It includes the Sandon, Bellinger and Nambucca River catchments/drainage basins. The Coffs Coast services a regional catchment of over 200,000 people, with about 68,000 living in the City of Coffs Harbour, 13,000 in the Bellingen Shire, 19,000 in the Nambucca Shire; the area has younger population, with the average age being 33 years of age. The area is becoming known for Internet Start ups - with companies like Google and Design Crowd opening up small offices in the area. Three bus services run throughout the region. Sawtell Coaches run various services throughout Coffs Harbour city and to the suburbs of Boambee and Sawtell. Busways run services throughout Coffs Harbour city down south as far as Scotts Head and west into Bellingen. Ryans Bus services run North to Woolgoolga on a regular basis. Busways operate services in the Port Macquarie region. There are several railway stations on the Coffs Coast serviced by 3 trains; each run south once a day. Stations include Coffs Harbour, Urunga, Nambucca Heads, Macksville.
Further south are Kempsey, Wauchope and Taree. There is no station for Forster-Tuncurry. Rail is the fastest and cheapest way to get to either Sydney, the Gold Coast and Brisbane. Regions of New South Wales Local Government Directory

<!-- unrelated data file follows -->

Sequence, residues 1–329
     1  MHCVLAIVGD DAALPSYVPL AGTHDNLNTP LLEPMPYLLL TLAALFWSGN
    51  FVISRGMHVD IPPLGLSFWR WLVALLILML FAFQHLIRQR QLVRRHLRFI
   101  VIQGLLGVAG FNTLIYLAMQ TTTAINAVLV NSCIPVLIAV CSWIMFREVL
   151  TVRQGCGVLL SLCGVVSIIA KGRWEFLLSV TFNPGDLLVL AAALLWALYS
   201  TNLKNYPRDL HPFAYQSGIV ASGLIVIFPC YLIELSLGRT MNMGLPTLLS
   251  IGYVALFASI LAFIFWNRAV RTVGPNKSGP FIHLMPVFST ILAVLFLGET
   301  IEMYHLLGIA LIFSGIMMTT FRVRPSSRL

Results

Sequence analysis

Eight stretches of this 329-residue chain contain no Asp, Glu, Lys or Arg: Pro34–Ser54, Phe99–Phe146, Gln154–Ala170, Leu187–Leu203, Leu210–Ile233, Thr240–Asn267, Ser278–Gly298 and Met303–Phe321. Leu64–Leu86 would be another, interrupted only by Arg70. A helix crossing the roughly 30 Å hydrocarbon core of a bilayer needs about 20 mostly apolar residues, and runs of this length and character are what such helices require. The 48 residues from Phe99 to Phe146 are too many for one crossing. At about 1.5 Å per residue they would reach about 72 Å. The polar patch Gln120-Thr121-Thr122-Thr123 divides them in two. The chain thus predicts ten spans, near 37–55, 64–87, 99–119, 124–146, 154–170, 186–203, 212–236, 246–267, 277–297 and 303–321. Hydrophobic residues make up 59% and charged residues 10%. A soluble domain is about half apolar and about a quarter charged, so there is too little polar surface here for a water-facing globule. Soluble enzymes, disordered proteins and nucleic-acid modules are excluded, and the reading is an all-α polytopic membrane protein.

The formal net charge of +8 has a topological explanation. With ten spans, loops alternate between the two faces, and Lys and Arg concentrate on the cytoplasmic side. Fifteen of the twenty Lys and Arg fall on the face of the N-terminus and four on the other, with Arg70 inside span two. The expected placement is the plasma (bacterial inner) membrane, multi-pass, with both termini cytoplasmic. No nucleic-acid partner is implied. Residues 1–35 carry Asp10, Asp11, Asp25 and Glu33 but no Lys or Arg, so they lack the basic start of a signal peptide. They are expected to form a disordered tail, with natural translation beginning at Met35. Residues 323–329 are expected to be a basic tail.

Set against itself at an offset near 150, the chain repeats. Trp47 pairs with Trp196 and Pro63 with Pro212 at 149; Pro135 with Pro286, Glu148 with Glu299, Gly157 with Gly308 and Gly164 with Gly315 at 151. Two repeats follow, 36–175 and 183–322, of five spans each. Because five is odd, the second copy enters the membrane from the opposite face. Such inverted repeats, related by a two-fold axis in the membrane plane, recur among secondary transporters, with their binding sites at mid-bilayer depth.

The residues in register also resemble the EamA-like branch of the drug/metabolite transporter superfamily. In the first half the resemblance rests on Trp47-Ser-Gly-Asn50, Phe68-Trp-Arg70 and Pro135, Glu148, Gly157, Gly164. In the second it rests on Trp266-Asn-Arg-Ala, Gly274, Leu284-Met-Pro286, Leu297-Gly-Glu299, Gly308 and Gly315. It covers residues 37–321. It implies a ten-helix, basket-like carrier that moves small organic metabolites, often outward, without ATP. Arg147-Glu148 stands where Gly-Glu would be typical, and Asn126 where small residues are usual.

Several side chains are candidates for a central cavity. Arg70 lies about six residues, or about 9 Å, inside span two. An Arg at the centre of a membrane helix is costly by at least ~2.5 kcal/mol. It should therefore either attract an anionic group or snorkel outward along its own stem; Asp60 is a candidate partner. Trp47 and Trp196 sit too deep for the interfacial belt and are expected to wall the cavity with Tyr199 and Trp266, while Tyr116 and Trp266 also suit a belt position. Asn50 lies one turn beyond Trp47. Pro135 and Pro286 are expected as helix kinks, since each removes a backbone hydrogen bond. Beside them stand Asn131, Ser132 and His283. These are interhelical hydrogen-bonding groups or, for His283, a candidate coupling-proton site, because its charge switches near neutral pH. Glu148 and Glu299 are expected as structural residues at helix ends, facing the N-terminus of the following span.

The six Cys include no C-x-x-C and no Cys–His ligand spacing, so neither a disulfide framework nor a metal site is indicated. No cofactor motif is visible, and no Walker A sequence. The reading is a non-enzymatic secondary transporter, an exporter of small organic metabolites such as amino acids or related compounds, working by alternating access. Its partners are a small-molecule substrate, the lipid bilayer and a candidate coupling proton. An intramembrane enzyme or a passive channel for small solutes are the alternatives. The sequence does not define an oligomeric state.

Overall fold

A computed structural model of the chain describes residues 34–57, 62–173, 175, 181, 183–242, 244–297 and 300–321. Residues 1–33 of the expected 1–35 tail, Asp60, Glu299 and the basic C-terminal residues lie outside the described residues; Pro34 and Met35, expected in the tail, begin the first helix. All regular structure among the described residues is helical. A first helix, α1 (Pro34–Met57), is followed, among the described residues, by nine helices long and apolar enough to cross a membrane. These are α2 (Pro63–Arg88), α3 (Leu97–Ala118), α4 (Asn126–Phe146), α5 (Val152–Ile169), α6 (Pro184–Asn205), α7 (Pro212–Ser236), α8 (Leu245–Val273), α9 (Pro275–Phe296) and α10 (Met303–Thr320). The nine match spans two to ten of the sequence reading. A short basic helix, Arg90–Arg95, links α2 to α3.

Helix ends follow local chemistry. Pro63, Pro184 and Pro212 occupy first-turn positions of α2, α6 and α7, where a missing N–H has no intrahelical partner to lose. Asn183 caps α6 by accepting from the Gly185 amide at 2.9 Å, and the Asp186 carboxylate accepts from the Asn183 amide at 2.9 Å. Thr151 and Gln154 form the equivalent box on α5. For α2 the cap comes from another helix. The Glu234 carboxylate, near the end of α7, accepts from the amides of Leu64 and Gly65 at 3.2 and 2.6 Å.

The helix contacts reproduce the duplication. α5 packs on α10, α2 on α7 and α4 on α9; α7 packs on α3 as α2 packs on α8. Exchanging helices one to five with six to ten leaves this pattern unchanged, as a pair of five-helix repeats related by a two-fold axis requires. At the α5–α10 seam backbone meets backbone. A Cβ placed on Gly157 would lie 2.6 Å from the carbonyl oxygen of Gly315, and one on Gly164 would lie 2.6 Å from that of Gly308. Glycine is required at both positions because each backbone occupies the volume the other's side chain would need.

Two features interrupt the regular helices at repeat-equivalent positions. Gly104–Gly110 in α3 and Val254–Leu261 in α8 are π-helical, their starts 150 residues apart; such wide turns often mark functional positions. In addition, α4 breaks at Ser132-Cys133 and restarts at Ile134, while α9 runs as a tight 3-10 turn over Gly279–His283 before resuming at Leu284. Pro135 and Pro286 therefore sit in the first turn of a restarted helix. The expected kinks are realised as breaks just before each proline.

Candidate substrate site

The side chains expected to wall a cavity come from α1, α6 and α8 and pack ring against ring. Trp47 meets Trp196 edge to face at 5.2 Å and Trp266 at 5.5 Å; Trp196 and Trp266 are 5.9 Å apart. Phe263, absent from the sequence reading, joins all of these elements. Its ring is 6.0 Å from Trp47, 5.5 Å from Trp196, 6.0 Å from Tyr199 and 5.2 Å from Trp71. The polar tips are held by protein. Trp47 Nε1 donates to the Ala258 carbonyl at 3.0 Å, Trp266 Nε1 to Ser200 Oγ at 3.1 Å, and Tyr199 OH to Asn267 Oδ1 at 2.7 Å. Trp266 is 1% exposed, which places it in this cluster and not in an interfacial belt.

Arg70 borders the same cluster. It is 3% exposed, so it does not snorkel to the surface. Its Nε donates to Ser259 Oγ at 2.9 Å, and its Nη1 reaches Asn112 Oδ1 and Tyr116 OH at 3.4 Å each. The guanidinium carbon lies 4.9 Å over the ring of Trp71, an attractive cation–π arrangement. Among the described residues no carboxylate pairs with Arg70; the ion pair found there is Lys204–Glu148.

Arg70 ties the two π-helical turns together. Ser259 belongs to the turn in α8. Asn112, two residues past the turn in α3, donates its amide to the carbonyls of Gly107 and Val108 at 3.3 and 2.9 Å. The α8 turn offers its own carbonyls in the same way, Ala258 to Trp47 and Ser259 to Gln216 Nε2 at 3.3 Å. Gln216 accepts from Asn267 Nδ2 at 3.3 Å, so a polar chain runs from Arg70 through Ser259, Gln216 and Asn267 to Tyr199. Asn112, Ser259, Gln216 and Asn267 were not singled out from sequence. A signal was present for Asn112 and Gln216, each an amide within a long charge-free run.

Bago Bluff National Park
Bago Bluff is a national park in New South Wales, Australia 410 km northeast of Sydney. It is situated south west of Wauchope and includes parts of the former Broken Bago State Forest and a part of Lorne State Forest; the Bago Bluff National Park includes in the northern section the old Bago Bluff Flora Reserve and Six B Flora Reserve. Bago Bluff offers splendid views of the Hastings Valley from the top of the bluff which can be accessed via several forest roads from the south, including Bago Road; the park's northern boundary is on southern side of the Oxley Highway where there are two badly washed 4WD tracks into the park. Quarries in the park have yielded leaf and shell fossils. Birds that may be spotted in the park include: Australian magpies, golden whistlers, green winged pigeons, grey fantails, large-billed scrubwrens, spotted pardalotes, pied currawongs, striated thornbills and white-browed scrubwrens. Lantana has become a problem in the park where it is covering some of the tracks. Protected areas of New South Wales